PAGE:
Vanderbilt’s new undergraduate business minor will be named the Hoogland Undergraduate Business Program following a $5 million gift from the Hoogland family. The minor, which replaced the Corporate Strategy and Financial Economics minors, came about due to high demand from students.
“This generous gift from the Hooglands—one of the first at Vanderbilt to name an academic program—provides all of our undergraduates the opportunity to pursue business education,” Susan R. Wente, Provost and Vice Chancellor for Academic Affairs, said in a press release. “Adding an undergraduate business minor to our curriculum signals the thirst for business education from our students—and the appetite for innovation and leadership on campus. We look forward to introducing this uniquely Vanderbilt program that is open to any of our undergraduates.”
Susan and Keith Hoogland graduated from Vanderbilt’s College of Arts and Sciences in 1982 and have remained involved with the school since, serving as reunion chairs for the 25th reunion and fundraising chairs for their 30th reunion. Three of the couple’s six children also attended Vanderbilt.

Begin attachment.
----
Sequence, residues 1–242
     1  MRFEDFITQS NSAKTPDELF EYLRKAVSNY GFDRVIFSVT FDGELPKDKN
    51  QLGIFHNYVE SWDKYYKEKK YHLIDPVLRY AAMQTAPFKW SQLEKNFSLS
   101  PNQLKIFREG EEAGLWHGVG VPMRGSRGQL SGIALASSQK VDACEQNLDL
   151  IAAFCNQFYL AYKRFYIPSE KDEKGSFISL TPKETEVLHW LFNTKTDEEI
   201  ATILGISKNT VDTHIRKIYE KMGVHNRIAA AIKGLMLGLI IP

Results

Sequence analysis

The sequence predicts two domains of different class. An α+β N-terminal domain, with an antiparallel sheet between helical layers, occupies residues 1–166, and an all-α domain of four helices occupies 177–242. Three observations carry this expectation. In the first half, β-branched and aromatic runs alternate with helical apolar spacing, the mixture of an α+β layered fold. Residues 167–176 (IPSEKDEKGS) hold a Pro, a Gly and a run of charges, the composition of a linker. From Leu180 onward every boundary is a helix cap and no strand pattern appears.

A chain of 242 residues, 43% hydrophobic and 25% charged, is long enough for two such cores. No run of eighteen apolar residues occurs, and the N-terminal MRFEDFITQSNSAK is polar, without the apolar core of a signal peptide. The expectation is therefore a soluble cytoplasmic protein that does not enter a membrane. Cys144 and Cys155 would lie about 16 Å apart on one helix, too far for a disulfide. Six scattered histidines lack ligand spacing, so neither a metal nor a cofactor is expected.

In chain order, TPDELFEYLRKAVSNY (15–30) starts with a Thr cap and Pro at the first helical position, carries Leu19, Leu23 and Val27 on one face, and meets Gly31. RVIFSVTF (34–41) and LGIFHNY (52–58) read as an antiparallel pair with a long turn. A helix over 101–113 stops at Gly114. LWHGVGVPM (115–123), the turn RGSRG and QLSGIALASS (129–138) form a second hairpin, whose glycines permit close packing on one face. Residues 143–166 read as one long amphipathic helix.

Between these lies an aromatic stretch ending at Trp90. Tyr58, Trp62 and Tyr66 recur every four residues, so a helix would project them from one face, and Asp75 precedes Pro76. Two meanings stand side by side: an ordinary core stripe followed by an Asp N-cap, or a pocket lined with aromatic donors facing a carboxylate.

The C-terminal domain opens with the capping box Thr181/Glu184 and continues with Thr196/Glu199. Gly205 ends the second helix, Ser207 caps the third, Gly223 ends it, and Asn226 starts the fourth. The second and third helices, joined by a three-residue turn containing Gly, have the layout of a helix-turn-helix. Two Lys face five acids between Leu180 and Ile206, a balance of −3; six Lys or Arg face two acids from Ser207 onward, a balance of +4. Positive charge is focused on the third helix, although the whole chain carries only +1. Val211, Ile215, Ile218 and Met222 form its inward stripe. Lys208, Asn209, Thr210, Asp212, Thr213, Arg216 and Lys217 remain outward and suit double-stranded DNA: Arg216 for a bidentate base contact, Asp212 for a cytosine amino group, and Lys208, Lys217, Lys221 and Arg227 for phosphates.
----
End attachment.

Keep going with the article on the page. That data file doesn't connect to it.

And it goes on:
Following graduation, Keith Hoogland went to work for his family’s business, Highland Ventures Ltd., where he is now president. He said he felt behind when he first entered the business world because he did not have the exposure to the business classes that many other students had. The new business minor, he hopes, will help better prepare students entering business after graduation and will create an even more well rounded liberal arts education.
The business minor itself is the result of years of planning and trans-institutional collaboration between the undergraduate schools and the Owen Graduate School of Management. The new set of courses marks the first time that undergraduate students will have the opportunity to take core courses taught by primarily graduate school faculty. The program is part of the Vanderbilt Academic Strategic Plan’s growing effort to introduce more trans-institutional opportunities to both faculty and students.